Hurricane Sandy was a devastating storm and some of the warning decisions and communications have been criticized as been documented in many blogs and articles. Following every major/devastating weather event such as Sandy, the National Weather Service and NOAA assemble a team to evaluate or access the accuracy of the forecast and how the end to end process of observation, forecast, communication, dissmeination and decisions were done. Today NOAA released this statement about the makeup of the Sandy assesment team.
On behalf of the NOAA Deputy Under Secretary for Operations, below is a statement on the forthcoming NOAA service assessment on Sandy:
NOAA has commissioned a team to assess the performance of the National Weather Service during Hurricane/Post-Tropical Cyclone Sandy.
It is a multi-disciplinary team that includes two social scientists and 10 experts from across NOAA, the Federal Emergency Management Agency, and the Centers for Disease Control and Prevention. Members of the team who work for the National Weather Service were chosen from around the country and did not forecast Sandy. This allows for an impartial and unbiased review.
The team leader is a scientist with NOAA’s National Marine Fisheries Service who has extensive management and team lead experience. He will oversee all field work, the development of findings and recommendations, and the drafting of the assessment report.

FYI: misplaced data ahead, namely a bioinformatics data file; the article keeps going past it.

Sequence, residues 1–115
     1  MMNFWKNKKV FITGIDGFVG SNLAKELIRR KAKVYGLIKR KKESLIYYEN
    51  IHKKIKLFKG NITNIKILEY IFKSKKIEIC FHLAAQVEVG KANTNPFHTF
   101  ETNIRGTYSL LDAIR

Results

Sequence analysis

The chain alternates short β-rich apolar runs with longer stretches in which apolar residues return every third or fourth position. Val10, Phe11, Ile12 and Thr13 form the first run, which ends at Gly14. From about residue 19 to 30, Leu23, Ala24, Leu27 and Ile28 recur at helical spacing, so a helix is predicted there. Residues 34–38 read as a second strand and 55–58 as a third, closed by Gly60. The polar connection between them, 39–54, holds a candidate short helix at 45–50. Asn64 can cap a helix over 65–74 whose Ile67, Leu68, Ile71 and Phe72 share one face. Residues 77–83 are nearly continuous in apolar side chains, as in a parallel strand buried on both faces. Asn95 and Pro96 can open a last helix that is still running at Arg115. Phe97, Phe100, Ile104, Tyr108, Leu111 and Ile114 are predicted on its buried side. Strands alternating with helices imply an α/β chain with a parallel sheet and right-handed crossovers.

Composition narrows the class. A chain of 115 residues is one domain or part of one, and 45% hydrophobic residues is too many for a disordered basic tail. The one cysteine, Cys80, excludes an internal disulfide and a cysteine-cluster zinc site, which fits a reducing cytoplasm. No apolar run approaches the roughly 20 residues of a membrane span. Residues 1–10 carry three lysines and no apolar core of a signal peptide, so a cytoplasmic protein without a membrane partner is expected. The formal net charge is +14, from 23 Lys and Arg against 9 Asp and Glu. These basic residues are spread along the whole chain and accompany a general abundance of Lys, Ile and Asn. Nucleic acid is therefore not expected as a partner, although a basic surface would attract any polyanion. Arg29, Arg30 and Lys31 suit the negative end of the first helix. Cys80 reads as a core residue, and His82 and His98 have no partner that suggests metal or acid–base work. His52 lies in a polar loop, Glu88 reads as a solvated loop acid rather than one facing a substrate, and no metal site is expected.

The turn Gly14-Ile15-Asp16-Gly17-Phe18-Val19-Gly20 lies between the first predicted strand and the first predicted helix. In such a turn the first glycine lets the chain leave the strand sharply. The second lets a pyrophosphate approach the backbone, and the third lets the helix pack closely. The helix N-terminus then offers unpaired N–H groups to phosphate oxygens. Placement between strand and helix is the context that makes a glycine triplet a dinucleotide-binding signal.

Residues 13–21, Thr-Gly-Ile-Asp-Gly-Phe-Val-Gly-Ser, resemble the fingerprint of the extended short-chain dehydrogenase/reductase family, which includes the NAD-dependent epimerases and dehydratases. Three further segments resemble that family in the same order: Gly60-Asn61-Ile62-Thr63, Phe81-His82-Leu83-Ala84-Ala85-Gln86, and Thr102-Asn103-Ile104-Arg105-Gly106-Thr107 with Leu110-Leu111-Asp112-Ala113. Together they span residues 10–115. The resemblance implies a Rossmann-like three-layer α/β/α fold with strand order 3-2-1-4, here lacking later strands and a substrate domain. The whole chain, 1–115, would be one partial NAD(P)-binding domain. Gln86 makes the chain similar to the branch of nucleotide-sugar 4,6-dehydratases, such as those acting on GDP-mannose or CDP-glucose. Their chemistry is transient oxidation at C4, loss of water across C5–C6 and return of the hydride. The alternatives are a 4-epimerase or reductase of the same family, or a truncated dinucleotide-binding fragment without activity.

The team will focus on three main areas: the philosophies and policies behind the forecast and the weather watch and warning products and how they are communicated; how storm surge products are produced and issued from multiple NOAA Line Offices; and the web presence as a tool for communicating with the public.
The team will deliver a concise report that identifies facts, findings, and best practices, and it will make recommendations for process changes and service improvements that can be made within six months. The team will start work this month and will begin its field work on January 6. Interim findings are due to NOAA leadership in the spring, with the final report due shortly thereafter.
I look forward to the findings and any recommended ways the National Weather Service can do an even better job to protect life and property through timely and accurate forecasts.
Dr. David Titley
NOAA Deputy Under Secretary for Operations